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Plus, Three Strategies to Address Social Needs: Healthcare Positioning
Social determinants of health have been found to impact as much as 50 percent of an individual’s health outcomes. Given the flexibility in Medicare Advantage to provide additional benefits and to manage care holistically, there are opportunities for these beneficiaries to receive supportive services to address social determinants of health (SDOH), and to improve their health outcomes and overall health status.
A report published by the advocacy group Better Medicare Alliance looks at the role of social determinants of health in traditional Medicare and the Medicare Advantage (MA) program. It concludes that MA plans are well-positioned to tackle social determinants of health and the federal government should take that into account.
This report shows that MA is the choice for increasing numbers of enrollees with significant risk factors,” said Allyson Schwartz, president and CEO of the Better Medicare Alliance, in a statement.
- Nearly half of the lowest-income Medicare beneficiaries are food insecure. Among Medicare beneficiaries below the poverty line, 48% were in MA and 44% in traditional Medicare report not having enough money or food.
- 28% of MA beneficiaries living below the poverty line speak a language other than English compared with 24% in traditional Medicare.
- 18% of MA beneficiaries below the poverty line speak little to no English, roughly in line with 17% in traditional Medicare.
The report comes as the Centers for Medicare & Medicaid Services (CMS) expands supplemental benefits for MA plans, including transportation benefits.
In general, Medicare Advantage beneficiaries are more likely than those in traditional FFS Medicare to be low-income, which impacts SDOH experiences. Approximately half of Medicare Advantage beneficiaries have incomes below 200 percent of the Federal Poverty Level (FPL) compared with 41 percent of beneficiaries in Traditional FFS Medicare, and 25 percent have incomes above 400% FPL compared to 34% of beneficiaries in traditional FFS Medicare (Figure 1)
States are Looking to Medicaid MCOs To Develop Strategies To Identify And Address Social Determinants Of Health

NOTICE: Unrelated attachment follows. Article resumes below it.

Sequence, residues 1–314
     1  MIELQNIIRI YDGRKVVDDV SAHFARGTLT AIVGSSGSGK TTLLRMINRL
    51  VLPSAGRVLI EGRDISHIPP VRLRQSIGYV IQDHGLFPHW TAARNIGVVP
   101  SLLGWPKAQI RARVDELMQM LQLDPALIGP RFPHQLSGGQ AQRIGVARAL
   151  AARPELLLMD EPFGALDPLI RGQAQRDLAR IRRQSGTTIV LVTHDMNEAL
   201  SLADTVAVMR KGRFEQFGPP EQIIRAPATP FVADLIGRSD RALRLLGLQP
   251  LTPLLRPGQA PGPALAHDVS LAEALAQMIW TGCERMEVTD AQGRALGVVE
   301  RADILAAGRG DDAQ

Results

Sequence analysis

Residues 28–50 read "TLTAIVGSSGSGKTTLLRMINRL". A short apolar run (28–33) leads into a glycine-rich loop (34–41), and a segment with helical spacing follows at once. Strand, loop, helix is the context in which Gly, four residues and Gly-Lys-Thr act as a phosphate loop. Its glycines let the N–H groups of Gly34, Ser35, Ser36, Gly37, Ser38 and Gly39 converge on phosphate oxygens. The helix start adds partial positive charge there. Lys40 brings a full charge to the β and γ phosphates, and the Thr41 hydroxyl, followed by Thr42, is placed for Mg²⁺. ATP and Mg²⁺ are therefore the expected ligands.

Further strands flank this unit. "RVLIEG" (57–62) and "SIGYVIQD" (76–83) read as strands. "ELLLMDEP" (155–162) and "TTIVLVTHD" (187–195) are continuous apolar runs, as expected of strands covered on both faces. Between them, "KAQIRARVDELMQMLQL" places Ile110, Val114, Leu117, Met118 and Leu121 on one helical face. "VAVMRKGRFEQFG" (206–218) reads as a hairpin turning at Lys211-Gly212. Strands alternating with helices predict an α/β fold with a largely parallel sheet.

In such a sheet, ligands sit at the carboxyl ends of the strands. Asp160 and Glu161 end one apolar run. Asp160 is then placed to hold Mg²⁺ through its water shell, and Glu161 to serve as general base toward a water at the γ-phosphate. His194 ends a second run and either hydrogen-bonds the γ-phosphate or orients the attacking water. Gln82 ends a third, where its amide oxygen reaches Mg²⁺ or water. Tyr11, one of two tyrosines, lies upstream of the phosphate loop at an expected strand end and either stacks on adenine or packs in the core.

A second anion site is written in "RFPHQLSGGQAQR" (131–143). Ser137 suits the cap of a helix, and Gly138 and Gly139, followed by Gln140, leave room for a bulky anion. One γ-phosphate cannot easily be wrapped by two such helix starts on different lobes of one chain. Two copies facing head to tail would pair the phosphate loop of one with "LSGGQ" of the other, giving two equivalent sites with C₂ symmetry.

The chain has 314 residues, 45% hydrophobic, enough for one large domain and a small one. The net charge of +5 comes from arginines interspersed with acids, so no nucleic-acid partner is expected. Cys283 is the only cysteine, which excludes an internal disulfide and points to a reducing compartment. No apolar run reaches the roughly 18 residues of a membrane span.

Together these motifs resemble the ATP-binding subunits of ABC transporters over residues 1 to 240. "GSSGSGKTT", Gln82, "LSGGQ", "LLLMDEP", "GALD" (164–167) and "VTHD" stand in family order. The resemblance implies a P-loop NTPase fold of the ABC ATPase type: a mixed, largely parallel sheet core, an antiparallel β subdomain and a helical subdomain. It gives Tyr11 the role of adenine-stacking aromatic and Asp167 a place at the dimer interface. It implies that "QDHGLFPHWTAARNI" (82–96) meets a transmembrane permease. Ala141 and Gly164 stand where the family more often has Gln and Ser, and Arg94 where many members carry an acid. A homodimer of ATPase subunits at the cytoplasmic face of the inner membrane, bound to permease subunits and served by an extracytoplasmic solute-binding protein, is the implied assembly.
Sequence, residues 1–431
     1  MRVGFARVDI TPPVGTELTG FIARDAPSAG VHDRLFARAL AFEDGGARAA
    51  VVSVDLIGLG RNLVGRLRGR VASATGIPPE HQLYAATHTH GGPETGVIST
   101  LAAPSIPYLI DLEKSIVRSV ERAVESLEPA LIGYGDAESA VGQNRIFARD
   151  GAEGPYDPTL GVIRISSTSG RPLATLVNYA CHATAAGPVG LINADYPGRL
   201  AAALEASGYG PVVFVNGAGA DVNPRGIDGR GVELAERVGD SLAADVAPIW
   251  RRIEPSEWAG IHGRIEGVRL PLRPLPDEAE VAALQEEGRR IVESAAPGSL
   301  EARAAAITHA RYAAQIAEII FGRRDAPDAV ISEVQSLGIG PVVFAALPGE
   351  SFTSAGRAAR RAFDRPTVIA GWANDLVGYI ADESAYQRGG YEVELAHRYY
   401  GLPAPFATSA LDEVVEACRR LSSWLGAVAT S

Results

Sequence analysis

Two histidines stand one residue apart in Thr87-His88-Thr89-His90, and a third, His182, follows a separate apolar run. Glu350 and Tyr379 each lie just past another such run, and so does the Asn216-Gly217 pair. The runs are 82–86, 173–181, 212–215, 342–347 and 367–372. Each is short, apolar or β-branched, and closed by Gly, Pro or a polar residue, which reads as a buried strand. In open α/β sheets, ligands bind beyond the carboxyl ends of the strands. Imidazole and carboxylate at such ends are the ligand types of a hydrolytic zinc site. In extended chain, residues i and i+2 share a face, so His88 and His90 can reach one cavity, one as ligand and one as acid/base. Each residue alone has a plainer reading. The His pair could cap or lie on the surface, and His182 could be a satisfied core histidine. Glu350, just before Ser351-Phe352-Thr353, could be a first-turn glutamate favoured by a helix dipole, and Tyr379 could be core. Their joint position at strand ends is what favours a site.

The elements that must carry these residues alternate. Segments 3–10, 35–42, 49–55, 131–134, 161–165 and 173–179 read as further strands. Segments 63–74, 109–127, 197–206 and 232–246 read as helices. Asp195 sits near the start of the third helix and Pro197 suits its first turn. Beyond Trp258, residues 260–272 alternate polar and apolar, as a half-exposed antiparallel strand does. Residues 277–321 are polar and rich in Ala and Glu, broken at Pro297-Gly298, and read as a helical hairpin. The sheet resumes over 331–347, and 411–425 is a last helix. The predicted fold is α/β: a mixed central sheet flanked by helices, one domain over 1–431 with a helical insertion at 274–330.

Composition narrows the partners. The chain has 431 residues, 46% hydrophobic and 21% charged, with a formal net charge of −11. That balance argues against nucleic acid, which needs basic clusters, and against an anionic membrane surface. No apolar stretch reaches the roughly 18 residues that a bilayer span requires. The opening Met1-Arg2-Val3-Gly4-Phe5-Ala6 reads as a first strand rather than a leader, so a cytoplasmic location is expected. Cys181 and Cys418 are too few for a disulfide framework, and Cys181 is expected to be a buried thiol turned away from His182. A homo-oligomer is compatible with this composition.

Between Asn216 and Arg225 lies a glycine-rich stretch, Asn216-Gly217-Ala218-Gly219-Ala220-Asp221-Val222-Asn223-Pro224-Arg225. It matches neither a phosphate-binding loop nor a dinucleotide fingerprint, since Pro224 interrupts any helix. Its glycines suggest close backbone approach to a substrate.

Many states are leveraging MCO contracts to promote strategies to address social determinants of health. For FY 2020, over three-quarters (35 states) of the 41 MCO states reported leveraging Medicaid MCO contracts to promote at least one strategy to address social determinants of health (Figure 2).
For FY 2020, about three-quarters of MCO states reported requiring MCOs to screen enrollees for social needs (31 states); providing enrollees with referrals to social services (31 states); or partnering with community-based organizations (28 states). Almost half of MCO states reported requiring MCOs to employ community health workers (CHWs) or other non-traditional health workers (19 states). KFF’s 2017 survey of Medicaid managed care plans found that a majority of plans were actively working to help beneficiaries connect with social services related to housing, nutrition, education, or employment.
Although federal reimbursement rules prohibit expenditures for most non-medical services, plans may use administrative savings or state funds to provide these services. “Value-added” services are extra services outside of covered contract services and do not qualify as a covered service for the purposes of capitation rate setting.
In a 2020 KFF survey of Medicaid directors, MCO states reported a variety of programs, initiatives, or value-added services newly offered by MCOs in response to the COVID-19 emergency. The most frequently mentioned offerings and initiatives were food assistance and home-delivered meals (11 states) and enhanced MCO care management and outreach efforts often targeting persons at high risk for COVID-19 infection or complications or persons testing positive for COVID-19 (8 states).
Other examples include states reporting MCO provision of personal protective equipment (4 states), expanded MCO telehealth and remote supports (3 states), expanded pharmacy home deliveries (3 states), and MCO-provided gift cards for members to purchase food and other goods (2 states).